It took three months for the end of the payroll tax holiday to sideswipe the economy, judging by the dismal Friday jobs report.
Employment increased in March by a mere 88,000 jobs, according to the Bureau of Labor Statistics. That dramatically undershot Wall Street expectations of 200,000 jobs and was too small an increase to match the growth of the U.S. population. The unemployment rate ticked down by a tenth of a point to 7.6 percent—but only because more Americans are exiting the workforce.
All of this suggests that easing off years of government stimulus will be rocky. The economy remains in a fragile state, even as deficit reduction tops the list of priorities in Washington.
On Friday, leaks about President Obama’s forthcoming budget plan indicate the White House hopes to smooth the path with some targeted spending to “invest” in the workforce, an administration official told reporters. But the proposal being released on Wednesday will also include Medicare and Social Security cuts to replace the sequestration and trim projected deficits by $1.8 trillion over the next decade.
Not only does the March employment report show how agile policymakers must be in making this transition. But it also presents a political challenge to Obama whose approval ratings were already slipping. Republicans naturally interpreted the jobs numbers as a rebuke of all things Obama.
"The president’s policies continue to make it harder for Americans to find work,” House Speaker John Boehner (R-Ohio) said in a statement Friday. “Hundreds of thousands fled the workforce last month and unemployment remains far above what the Obama administration promised when it enacted its ‘stimulus’ spending plan."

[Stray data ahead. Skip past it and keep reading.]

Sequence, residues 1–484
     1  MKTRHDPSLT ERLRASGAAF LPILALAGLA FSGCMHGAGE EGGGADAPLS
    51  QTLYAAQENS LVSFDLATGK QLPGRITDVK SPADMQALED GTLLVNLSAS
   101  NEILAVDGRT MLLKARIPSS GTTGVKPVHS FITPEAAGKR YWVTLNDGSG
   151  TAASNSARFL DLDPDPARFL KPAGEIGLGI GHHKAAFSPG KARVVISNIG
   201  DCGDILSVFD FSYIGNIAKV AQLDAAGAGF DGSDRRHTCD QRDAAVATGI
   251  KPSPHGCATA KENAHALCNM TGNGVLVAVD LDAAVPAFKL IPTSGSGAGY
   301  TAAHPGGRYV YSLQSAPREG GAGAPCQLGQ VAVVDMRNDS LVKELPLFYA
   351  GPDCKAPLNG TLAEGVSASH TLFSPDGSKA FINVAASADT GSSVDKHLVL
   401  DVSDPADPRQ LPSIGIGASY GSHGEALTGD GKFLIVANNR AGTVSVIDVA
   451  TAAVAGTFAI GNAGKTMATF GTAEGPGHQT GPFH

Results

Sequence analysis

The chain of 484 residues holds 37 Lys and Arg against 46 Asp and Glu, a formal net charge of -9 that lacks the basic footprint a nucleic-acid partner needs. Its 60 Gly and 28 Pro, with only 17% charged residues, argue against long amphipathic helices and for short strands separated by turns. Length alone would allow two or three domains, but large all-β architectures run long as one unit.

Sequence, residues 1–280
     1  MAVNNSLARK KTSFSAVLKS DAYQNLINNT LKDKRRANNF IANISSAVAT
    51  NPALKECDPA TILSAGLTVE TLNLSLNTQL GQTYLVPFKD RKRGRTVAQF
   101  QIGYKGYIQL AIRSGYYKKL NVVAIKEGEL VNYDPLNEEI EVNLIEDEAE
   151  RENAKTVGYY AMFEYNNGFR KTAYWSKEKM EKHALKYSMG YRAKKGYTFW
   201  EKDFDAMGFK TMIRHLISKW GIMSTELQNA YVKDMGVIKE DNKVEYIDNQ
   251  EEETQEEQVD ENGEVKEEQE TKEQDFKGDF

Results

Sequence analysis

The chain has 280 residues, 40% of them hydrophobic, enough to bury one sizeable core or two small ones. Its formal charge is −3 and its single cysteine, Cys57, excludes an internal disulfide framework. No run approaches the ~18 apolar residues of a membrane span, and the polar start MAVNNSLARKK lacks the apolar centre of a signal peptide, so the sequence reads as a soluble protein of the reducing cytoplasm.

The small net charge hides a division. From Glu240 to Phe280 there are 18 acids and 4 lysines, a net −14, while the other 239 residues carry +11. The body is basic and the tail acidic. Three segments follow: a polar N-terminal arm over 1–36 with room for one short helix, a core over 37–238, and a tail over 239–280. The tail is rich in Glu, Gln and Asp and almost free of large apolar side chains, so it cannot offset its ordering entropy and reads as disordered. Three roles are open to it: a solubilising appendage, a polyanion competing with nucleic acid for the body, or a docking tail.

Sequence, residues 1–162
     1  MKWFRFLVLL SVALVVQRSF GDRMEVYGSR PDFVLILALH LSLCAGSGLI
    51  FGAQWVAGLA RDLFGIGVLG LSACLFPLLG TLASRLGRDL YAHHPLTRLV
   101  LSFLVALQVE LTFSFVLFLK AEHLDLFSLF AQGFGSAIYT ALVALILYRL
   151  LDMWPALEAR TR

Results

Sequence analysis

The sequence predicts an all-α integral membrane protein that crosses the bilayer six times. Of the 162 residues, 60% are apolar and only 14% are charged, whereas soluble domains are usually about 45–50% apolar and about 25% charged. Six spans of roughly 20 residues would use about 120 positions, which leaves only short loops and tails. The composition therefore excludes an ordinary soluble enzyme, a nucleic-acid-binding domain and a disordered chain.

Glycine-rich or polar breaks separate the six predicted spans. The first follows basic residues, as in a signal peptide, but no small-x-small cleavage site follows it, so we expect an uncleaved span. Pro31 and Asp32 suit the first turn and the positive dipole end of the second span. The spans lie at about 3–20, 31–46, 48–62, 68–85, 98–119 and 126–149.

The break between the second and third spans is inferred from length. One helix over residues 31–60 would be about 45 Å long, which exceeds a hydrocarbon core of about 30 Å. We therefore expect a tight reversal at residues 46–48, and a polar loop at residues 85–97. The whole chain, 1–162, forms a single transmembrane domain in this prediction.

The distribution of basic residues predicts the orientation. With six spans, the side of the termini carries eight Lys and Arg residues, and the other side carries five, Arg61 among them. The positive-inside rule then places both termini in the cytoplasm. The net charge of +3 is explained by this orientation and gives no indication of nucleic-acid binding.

But the report actually suggests that it was the expiration of a tax break that explains the bleak picture.
Both Obama and Congress agreed earlier this year to terminate the payroll tax holiday—a stimulus effort that injected on average $1,000 a year to paychecks in 2011 and 2012. At an annual cost of $120 billion, the temporary two-percentage point reduction in the Social Security payroll tax had a 50 percent larger economic wake than the sequestration cuts.
Smaller paychecks translate into less buying, but it took two months for this to sink in with consumers. Retailers shed 24,100 jobs last month, including 15,300 by clothiers. Electronics and appliance stores fired 5,700 workers, while building material and garden supplies stores let go of another 10,100. Modest gains at auto dealers, supermarkets, and department stores kept the total from being worse than it already was.
“This is far from a wake-up call,” said Matthew Shay, president and CEO of the National Retail Federation. “It is an urgent plea for help by Americans and the businesses that employ them for policy makers to stop pointing fingers and to start implementing policies that encourage job growth and capital investment.”
The White House tried to pin the blame on the start of the $85 billion in sequestration cuts last month.
“While the recovery was gaining traction before sequestration took effect, these arbitrary and unnecessary cuts to government services will be a headwind in the months to come, and will cut key investments in the Nation’s future competitiveness,” blogged Alan Krueger, chairman of the White House Council of Economic Advisers.
But the numbers indicate that any pain from the sequester has yet to be felt. The federal government—excluding the Postal Service—whittled down its payrolls by just 2,200 in March. State government added 9,000 workers in March.
“If you think the sequester is in these numbers, you really aren't thinking through the issue,” tweeted University of Michigan professor Betsy Stevenson, the former chief economist of the Labor Department.